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JOHANNESBURG – South Africa’s Business Confidence Index (BCI), as measured by the South African Chamber of Commerce and Industry (Sacci) in December, declined 0.9 index points from November’s 96.1 points to 95.2 points, negatively affected by less merchandise export volumes, the decreased real value of building plans passed and fewer new vehicle sales.  

“In the broader context, South Africa has dipped below many of the longer-term trends of economic activity and financial markets in 2018. 

"Though exogenous factors such as the global economic performance were relatively positive for an open economy such as South Africa, the country lagged behind better-performing peer emerging markets,” Sacci said yesterday.

The BCI was also 1.2 index points down on December 2017. 

Although seven of the 13 sub-indices of the Sacci BCI were worse off than a year ago, the general assessment was that the present-day administration acknowledged the huge challenges ahead and the role that a sound economy could play in addressing them.

Sacci economist Richard Downing said among the most ominous signs were the net sales of bonds and stocks by non-residents which spiked sharply from R25 billion in 2017 to R125bn in 2018, which reflected the increased anxiety in investors in the country’s policies, particularly land expropriation without compensation and economic growth concerns.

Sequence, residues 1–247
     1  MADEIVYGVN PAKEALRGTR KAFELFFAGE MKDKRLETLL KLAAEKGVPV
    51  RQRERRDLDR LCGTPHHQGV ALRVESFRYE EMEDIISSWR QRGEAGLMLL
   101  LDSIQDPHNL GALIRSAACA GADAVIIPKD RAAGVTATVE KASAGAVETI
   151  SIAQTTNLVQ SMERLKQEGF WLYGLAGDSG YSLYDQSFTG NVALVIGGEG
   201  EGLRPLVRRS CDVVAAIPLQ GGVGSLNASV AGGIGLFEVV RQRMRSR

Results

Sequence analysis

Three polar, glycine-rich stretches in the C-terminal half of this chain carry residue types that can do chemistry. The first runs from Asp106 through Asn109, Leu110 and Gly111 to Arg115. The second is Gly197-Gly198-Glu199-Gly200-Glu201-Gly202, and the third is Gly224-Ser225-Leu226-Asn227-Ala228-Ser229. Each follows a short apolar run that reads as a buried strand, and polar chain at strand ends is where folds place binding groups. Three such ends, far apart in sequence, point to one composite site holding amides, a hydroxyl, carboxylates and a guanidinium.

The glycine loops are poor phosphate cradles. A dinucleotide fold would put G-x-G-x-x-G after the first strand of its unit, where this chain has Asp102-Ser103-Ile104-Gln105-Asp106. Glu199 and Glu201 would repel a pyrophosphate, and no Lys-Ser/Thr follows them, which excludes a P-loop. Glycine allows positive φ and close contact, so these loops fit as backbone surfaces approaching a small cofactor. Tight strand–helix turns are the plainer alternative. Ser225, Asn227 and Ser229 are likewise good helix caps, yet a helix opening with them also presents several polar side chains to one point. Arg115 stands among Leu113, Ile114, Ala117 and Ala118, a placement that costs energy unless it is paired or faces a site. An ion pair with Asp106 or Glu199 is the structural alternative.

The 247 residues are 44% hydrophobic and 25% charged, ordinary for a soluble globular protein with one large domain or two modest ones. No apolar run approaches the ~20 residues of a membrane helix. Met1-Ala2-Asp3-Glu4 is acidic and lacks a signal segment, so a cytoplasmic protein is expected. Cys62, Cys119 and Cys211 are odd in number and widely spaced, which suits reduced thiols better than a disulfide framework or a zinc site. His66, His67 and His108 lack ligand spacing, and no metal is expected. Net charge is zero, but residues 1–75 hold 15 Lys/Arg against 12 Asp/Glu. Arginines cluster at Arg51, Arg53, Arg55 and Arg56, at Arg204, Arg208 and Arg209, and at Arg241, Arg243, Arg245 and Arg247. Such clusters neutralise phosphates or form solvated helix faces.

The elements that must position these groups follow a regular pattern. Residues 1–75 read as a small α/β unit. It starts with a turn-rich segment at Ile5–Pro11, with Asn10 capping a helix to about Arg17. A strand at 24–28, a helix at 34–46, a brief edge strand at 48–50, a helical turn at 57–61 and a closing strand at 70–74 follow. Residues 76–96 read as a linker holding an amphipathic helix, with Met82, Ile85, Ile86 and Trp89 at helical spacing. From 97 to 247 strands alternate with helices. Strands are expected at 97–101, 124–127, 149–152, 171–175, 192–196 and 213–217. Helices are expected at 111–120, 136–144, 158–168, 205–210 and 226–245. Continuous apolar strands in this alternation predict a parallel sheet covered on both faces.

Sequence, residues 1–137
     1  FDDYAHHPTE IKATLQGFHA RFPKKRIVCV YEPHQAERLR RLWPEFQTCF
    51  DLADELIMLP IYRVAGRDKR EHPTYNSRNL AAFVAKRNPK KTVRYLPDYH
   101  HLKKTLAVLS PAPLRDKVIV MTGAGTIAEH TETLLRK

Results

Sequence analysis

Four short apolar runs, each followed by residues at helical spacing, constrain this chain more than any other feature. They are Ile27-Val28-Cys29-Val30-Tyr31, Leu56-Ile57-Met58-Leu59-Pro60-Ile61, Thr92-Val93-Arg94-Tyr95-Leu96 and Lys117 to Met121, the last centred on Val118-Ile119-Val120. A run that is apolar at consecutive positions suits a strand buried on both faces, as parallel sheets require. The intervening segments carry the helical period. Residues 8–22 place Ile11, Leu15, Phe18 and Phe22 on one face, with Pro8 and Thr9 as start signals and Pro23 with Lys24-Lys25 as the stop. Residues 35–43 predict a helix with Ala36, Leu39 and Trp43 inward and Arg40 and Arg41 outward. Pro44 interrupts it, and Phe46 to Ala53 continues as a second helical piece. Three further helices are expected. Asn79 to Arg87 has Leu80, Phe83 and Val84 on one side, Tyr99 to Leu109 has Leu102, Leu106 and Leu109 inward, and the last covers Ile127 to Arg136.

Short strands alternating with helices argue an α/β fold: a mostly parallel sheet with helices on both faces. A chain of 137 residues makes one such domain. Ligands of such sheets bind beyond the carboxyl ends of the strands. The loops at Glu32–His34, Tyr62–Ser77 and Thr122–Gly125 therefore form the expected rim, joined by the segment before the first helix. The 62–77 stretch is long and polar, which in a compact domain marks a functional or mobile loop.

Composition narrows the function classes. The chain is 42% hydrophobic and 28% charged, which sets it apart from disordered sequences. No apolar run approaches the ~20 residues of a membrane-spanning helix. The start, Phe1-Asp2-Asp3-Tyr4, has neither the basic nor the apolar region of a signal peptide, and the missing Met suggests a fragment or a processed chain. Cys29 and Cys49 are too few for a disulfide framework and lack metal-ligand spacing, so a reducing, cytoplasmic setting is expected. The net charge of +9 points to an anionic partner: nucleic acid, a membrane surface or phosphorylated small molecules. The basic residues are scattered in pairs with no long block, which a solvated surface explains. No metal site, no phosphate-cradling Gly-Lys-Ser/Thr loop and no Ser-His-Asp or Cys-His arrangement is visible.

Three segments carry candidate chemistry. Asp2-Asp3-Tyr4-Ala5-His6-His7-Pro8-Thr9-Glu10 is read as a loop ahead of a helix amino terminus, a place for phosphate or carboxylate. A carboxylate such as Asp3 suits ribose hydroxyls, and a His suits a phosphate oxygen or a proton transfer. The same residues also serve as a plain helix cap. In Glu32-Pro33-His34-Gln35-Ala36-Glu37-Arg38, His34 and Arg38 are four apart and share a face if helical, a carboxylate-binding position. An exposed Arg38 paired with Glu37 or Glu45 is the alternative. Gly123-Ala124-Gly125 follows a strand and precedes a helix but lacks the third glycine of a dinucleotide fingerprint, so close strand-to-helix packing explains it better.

He said the positives in the BCI sub-components included the South African Reserve Bank’s prudent management of monetary policy and inflation currently at 4.5 percent, well below the 6 percent band.

“They are taking the broader view in containing the inflationary process and that was a positive,” Downing added.

Sacci said business confidence remained on a moderate level throughout last year after the initial positive moves in early 2018. 

“In comparing December 2018 to December 2017, the task of restoring the business and investor climate remains a major challenge,” it said.

Meanwhile, manufacturing production continued to rise in November, albeit at a slower pace, lifting by 1.6 percent year on year following October’s 2.8 percent y/y increase.

Investec’s Lara Hodes in a note said an analysis of November’s underlying data indicated that five of the 10 manufacturing divisions registered gains, with the food and beverages category, which holds the largest weighting in the manufacturing basket, once again the largest contributor to the headline result.

This sub-sector rose by 5.2 percent year on year and added 1.4 percent to the top line number.

Hodes said that while output and sentiment within the manufacturing sector had ticked up somewhat, indicated by the latest Absa/BER PMI readings and the fourth quarter of last year's manufacturing survey results, business conditions remained tough, with local demand still somewhat subdued. 

“Additionally, operational constraints, notably electricity supply shortages and elevated domestic and imported input cost pressures, continue to hamper activity,” she said.